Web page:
Laos Set to Become World’s Fastest Growing Economy
Until recently, Laos, a country with immense potential and an impressive pre-pandemic economic performance, had been advancing at a remarkable clip. The country now faces serious headwinds as fuel shortages and a debt crisis cast a shadow on the country’s prospects. With aggressive and immediate reforms, The Lao People’s Democratic Republic (or more commonly, Lao PDR), the country’s official name, can stave off crisis and emerge as the world’s fastest-growing economy for the decade ahead. The following reform package would achieve such a result:
Set the personal income tax rate at 0% / Set the corporate income tax rate at 0%
By eliminating the tax on all earned income (and effectively turning the rates negative due to income support policies), Laos will become the premiere place in Asia to invest. Businesses that were reluctant to enter the formal economy will also have a much greater incentive to do so.
The competitive pressures by new business entrants into the domestic market will result in downward pressure on prices.
Implement a Land Value Tax to collect the unimproved land rental value
A tax on the unimproved value of land is the only significant source of tax revenue that does not decrease economic activity. Placing the burden of taxation on land values is key to Laos getting its fiscal house in order while improving economic growth. It has the additional positive externality of lowering housing costs by reducing land speculation and ensuring housing units come onto the market.
Raise the VAT rate to 24% with exemptions for food, medicine, and housing
A progressive consumption tax whose revenues are partly distributed as cash payments can further increase domestic consumption, promote domestic investment, and rapidly raise government revenues simultaneously.
Incentivize long-term capital gains
Investment can be maximized without the risks of hot money and short-term capital flight by taxing capital gains (and potentially dividends) from 0–24% depending on the time the investment is held on a scale of 0–8 years. For example, if one were to buy & sell a security on the same day, the profits would be taxed at 24%. If it were sold after 4 years, 12%. If 7 years, then 3%, 8 years 0%, etc.
Welfare payments would be most effective if transformed into a cash payment system based on the revenues raised. A quarter of the VAT revenue should be dedicated toward a universal dividend, and another quarter towards a wage subsidy, and these values would increase as the VAT revenues grow over time. Revenues from capital gains should move to individual investment accounts from which citizens can draw from. This would be a more effective and less costly welfare system for the Lao PDR.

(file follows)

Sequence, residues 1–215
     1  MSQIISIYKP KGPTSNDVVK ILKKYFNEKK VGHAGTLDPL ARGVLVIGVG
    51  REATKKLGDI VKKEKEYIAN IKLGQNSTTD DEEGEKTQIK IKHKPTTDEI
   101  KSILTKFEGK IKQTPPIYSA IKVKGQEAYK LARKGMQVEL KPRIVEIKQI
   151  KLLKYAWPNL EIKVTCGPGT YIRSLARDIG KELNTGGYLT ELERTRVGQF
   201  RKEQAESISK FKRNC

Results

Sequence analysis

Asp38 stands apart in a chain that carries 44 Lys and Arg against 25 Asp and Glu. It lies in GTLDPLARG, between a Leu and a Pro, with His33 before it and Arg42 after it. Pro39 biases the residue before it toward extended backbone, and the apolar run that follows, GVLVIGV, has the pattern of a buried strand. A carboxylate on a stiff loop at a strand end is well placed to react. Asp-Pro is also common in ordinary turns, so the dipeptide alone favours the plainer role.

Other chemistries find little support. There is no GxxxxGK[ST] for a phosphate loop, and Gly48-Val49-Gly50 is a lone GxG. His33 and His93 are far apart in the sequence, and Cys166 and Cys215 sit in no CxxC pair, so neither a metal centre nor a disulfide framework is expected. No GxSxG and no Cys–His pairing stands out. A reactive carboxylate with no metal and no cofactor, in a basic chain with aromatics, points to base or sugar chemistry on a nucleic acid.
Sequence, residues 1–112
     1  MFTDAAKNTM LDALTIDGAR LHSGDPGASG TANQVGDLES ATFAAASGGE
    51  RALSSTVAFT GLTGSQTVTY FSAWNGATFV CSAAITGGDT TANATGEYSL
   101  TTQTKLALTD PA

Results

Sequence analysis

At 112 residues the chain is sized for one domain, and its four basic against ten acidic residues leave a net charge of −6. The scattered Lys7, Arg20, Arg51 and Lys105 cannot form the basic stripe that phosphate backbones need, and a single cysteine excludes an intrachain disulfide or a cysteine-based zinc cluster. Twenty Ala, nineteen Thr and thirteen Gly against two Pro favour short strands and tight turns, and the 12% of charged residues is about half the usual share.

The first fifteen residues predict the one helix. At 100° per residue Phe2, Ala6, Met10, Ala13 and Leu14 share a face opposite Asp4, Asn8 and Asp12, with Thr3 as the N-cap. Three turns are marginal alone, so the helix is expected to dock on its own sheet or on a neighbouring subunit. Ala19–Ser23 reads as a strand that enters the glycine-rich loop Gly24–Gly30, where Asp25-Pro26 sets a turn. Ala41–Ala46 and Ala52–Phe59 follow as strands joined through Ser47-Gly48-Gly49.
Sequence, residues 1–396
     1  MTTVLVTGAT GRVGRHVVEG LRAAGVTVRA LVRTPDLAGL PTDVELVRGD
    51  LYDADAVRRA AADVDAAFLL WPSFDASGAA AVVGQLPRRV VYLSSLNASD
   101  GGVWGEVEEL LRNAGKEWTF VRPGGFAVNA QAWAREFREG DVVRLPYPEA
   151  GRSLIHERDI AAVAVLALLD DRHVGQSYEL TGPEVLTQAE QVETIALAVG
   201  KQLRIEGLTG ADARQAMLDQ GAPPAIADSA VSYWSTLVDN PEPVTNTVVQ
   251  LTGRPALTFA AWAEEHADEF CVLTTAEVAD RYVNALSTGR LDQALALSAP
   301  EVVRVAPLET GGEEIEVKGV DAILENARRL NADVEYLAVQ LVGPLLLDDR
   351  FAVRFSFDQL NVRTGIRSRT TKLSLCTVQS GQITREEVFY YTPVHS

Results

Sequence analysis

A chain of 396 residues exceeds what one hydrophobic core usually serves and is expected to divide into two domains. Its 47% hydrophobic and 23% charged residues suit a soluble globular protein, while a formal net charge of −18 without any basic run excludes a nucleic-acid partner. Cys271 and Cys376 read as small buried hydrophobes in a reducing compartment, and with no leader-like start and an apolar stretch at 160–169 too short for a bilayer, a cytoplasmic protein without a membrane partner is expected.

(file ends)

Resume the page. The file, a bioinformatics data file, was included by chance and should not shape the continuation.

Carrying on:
Education funding can be more effective and affordable to the state if replaced with a voucher system, where parents choose their children’s schools and the schools receive their funds based on the number of children enrolled.
Universal bank accounts and investment accounts
Universal bank accounts and investment accounts would be a necessary precursor to some of these reforms, especially for receiving cash payments.
Creating Sectoral Banks as outlined in our platform would be essential to rapid industrialization and technological advancement in Laos, as industry groups could directly allocate a quarter of the VAT revenue and operate their respective technical education programs in accordance with Laos’ goals.
Further Banking Reform
Banking regulations could be dramatically eased and focused on eliminating risks of foreign-currency-denominated debt and hot money inflows if regulations were replaced with higher reserve requirements. This would have the effect of increasing competitive pressure in the banking sector to the benefit of borrowers.
The central bank ownership structure would be best changed to a corporate network, shared equally between the Sectoral Banks, Lao citizens, and the Lao state. Furthermore, a shift to a rules-based monetary policy targeting the money supply growth, price level, and inflation would be far superior to exchange-rate targeting.
State-owned industries will need to be gradually privatized. This should be done in conjunction with the individual investment accounts and tax & welfare reforms that would allow Lao citizens to own a stake in the country’s growth.
One Minute Business Registration
Rapid and fully digital business registration would further Laos’ position as a destination for investment and bring more small domestic businesses into the formal economy.
Replace Regulation with Incentives
Byzantine regulations need to be abolished, and some regulations (e.g. protecting the environment from emissions) can be partially replaced with taxes (e.g. pollution taxes) rather than with bureaucracy & permits
Protection of Property
Laos needs to inspire confidence with judicial reform, enshrined in a business bill of rights that guarantees the right to start a private enterprise and the protection of private property.
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Reference/Article Source: https://medium.com/@phila_31297/laos-set-to-become-worlds-fastest-growing-economy-if-cdfce83d01d3
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